The Matildas have maintained a place in the world top 10 for four years now. Photo: Geoff Robins Brazil’s Marta chases the ball during the match against South Korea in Montreal. Photo: Nicholas Kamm
It is hard to imagine Australia’s finest footballers sewing their own Australian crests onto their team tracksuits. But in 1988, when the Matildas arrived at their first world tournament, that is indeed what they did. Twelve years later, they would bare all in a nude calendar to raise money to fund their program.
In 2015, no one is talking about sewing skills or nude calendars but whether the rising stars of world soccer can beat Brazil – as they did in 1988 – and progress to the Women’s World Cup quarter-finals.
FIFA’s bribery scandal overshadowed the start of this tournament. But it did not take long for the Matildas, Australia’s best-performed soccer team, to gain their dues as they advanced to the second round despite being drawn in the “group of death” – a name used in equal measure by Americans as Australians.
A hard-fought loss to the US, a victory over Nigeria and a mature draw with world No.5 Sweden saw the Matildas through.
At 3am on Monday, Sydney time, Australia, who are ranked 10th, will take on Brazil (seventh) as they aim for a third consecutive quarter-final appearance.
Brazil’s path to the round of 16 was tame. But that party is over for the world’s greatest player Marta, and her teammates. Australia are not, and will not be, shrinking violets. Says Matildas captain Lisa De Vanna: “If I was Marta, I’d be worried about Caitlin Foord.”
Foord, then just 16, famously marked Marta in her world cup debut in 2011. She was named young player of the tournament.
The Matildas have become the team no one wants to play. Blistering runs from Samantha Kerr; moments of sheer perfection from De Vanna; finishing by Kyah Simon. And that is before considering Elise Kellond-Knight and her vastly improved band of defenders.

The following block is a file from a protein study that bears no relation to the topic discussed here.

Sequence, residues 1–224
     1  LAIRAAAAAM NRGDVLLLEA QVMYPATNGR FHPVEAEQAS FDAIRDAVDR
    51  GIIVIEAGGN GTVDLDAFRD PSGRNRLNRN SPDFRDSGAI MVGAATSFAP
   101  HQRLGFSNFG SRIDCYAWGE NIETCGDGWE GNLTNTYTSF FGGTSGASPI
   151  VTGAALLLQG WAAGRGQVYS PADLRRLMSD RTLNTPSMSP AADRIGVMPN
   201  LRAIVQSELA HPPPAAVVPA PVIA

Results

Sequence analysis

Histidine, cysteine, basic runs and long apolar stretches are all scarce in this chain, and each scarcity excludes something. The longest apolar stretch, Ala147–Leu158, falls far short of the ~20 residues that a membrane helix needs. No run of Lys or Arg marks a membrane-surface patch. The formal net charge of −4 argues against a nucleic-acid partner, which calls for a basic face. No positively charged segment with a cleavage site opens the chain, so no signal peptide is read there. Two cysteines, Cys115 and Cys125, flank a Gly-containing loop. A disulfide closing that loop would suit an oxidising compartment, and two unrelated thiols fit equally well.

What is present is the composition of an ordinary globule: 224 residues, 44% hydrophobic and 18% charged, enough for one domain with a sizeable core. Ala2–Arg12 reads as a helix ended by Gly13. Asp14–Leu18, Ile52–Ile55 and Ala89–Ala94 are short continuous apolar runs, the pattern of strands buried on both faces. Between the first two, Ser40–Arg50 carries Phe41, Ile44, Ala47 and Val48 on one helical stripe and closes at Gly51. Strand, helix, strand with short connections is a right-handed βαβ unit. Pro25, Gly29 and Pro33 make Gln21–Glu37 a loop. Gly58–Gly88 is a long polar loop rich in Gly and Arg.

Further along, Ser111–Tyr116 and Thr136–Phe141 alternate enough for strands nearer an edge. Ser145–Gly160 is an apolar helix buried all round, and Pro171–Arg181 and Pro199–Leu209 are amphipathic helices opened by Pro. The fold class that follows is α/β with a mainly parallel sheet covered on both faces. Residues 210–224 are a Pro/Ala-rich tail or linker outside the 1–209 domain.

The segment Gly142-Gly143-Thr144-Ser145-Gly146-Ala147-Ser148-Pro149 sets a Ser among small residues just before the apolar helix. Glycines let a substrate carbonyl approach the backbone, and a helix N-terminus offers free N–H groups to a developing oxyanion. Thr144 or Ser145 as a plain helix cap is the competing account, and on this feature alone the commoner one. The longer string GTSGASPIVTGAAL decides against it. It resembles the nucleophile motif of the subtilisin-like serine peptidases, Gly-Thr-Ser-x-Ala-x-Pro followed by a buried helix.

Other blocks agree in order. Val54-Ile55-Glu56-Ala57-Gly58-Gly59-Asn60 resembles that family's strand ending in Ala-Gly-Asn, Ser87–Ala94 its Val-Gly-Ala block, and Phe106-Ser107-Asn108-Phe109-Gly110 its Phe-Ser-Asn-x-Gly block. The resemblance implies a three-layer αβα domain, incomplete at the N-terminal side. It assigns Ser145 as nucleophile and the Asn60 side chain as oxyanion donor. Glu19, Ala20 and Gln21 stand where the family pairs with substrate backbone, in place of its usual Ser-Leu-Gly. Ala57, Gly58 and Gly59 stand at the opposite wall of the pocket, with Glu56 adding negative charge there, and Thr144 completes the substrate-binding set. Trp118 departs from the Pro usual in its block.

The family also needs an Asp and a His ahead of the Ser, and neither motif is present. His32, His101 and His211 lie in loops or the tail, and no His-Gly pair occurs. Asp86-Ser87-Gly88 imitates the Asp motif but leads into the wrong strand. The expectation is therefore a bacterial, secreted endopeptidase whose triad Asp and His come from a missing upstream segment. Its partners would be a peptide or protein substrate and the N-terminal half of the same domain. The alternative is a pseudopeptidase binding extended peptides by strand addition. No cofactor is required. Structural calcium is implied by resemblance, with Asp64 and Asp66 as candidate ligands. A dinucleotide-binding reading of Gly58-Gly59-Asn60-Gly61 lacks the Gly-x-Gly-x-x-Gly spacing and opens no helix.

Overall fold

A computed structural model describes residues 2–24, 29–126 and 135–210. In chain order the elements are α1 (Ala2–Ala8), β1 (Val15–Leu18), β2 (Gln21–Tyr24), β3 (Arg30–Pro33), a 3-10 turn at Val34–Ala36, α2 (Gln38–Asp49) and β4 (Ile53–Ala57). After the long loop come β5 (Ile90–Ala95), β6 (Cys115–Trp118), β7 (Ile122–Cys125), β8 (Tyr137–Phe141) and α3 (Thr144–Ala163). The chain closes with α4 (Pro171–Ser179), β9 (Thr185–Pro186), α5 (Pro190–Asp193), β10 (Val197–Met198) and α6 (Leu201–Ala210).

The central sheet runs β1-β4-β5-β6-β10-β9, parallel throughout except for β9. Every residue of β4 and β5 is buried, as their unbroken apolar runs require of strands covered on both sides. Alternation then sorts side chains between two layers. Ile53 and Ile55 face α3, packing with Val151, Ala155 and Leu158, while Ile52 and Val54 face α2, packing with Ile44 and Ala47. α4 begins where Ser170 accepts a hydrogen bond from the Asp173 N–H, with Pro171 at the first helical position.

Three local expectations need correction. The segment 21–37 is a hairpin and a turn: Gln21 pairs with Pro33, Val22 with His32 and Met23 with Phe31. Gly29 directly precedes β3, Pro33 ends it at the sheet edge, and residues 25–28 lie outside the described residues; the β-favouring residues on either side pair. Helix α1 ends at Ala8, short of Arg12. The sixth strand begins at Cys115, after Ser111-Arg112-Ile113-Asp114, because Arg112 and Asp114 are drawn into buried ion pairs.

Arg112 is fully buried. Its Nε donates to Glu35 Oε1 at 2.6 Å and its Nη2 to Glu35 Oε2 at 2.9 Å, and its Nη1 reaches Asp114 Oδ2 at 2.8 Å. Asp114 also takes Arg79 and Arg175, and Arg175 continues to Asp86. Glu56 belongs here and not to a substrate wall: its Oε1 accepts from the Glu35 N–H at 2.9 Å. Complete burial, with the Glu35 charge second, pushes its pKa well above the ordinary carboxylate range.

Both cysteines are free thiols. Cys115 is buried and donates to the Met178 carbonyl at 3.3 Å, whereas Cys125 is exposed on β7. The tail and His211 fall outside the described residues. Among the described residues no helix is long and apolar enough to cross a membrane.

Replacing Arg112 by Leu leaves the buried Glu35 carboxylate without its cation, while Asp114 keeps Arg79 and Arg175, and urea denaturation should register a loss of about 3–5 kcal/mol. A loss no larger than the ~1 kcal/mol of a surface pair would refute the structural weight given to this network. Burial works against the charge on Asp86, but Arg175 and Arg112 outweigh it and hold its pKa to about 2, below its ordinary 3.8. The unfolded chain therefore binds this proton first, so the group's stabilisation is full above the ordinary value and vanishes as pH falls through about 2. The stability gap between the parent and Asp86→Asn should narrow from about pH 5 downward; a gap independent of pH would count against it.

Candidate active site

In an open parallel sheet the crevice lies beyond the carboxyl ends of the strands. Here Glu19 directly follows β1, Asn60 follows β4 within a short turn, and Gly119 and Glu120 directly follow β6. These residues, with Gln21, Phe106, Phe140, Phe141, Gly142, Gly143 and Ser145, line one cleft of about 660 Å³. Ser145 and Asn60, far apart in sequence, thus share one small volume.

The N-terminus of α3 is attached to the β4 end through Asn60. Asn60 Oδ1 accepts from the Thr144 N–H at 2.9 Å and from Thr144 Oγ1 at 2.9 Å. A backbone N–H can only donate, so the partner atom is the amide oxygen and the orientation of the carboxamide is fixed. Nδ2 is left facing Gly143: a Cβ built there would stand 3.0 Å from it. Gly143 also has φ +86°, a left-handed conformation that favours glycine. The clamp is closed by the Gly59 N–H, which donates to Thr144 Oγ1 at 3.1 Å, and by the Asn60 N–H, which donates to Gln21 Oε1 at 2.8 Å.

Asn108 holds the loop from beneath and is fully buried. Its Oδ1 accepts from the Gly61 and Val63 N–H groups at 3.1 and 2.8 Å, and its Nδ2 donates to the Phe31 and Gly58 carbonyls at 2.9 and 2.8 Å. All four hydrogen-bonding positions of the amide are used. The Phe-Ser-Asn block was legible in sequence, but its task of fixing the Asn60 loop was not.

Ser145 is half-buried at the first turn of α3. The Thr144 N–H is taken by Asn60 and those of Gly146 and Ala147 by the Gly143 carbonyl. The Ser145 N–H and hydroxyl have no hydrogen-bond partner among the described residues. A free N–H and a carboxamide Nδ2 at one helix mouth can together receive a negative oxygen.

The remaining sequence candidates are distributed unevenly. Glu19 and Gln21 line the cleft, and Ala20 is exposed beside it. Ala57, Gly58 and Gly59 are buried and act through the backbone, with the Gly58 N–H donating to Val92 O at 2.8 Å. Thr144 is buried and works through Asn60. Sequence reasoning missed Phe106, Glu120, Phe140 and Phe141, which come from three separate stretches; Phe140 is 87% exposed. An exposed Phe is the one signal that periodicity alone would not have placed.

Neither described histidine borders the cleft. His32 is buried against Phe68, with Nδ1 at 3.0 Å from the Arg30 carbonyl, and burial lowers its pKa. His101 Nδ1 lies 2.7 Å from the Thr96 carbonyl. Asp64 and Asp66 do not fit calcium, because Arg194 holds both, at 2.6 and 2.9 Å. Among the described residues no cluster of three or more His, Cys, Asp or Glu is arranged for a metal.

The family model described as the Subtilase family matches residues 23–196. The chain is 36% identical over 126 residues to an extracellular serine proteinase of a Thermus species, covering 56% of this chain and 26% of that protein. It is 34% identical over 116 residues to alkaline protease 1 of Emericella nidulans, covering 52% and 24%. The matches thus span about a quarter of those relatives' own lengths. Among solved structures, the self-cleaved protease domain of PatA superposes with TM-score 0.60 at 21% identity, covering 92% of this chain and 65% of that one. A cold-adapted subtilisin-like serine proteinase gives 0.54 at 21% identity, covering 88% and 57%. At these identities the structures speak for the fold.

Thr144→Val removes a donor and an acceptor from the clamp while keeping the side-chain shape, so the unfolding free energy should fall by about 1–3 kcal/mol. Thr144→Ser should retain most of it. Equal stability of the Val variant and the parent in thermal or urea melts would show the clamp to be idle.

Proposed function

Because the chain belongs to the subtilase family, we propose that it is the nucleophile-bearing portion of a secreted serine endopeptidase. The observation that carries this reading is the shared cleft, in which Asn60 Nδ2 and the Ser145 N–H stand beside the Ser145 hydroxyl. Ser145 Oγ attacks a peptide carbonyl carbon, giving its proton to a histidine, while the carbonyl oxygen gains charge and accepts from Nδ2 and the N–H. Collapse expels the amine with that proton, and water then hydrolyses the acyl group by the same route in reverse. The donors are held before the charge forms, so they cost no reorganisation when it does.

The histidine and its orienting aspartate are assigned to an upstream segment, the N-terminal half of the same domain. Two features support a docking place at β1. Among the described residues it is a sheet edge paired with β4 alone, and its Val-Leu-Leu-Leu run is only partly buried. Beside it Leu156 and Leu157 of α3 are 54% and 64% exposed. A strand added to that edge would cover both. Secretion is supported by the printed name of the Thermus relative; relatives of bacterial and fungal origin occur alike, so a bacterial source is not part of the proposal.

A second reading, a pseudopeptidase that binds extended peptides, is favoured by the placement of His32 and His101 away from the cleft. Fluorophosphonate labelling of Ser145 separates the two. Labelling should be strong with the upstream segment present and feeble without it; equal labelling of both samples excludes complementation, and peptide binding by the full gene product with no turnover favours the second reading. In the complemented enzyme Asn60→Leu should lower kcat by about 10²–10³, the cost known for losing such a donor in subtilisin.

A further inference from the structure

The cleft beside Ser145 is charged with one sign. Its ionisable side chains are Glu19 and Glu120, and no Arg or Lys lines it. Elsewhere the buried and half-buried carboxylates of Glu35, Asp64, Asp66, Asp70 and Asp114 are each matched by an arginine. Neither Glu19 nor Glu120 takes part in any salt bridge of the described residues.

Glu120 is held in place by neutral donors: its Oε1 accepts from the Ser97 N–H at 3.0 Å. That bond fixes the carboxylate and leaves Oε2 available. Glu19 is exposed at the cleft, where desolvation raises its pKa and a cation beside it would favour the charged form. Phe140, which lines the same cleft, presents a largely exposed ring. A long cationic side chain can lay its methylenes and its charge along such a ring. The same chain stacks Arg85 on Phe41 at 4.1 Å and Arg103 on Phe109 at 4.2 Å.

All of which makes one wonder: have we been backing the wrong horse?
Notwithstanding the economic benefits of hosting a men’s world cup, nor diminishing the Socceroos’ achievements, it is time to remove the gender lens from Australia’s view of the world game.
For a moment ponder if Australia had spent a fraction of the $45 million invested in attempting to secure the 2022 men’s world cup instead boosting the women’s game – with fulltime wages, better-paid coaching and fitness staff and upgraded training facilities.
The Matildas have maintained a place in the world top 10 for four years now. They have played in all but one world cup finals (1991). The Socceroos are ranked 63rd, though their playing field is more level. Women’s football is dominated by wealthy, first-world economies.
The Sun-Herald does not support Football Federation Australia bidding for any FIFA tournament until such time as it can be satisfied FIFA is operating fairly. When that does occur, serious consideration needs to be given to which world cup hosting rights are worth pursuing.
The Matildas have come a long way since 1988. Yet there remains a small – but not insurmountable – gap between the top few teams and the balance of the top 10. To elevate them to the next level will take the support of the public, the media and the financial backing of government.
The Sun-Herald wishes the Matildas every success against Brazil, and in closing that gap.
This story Administrator ready to work first appeared on Nanjing Night Net.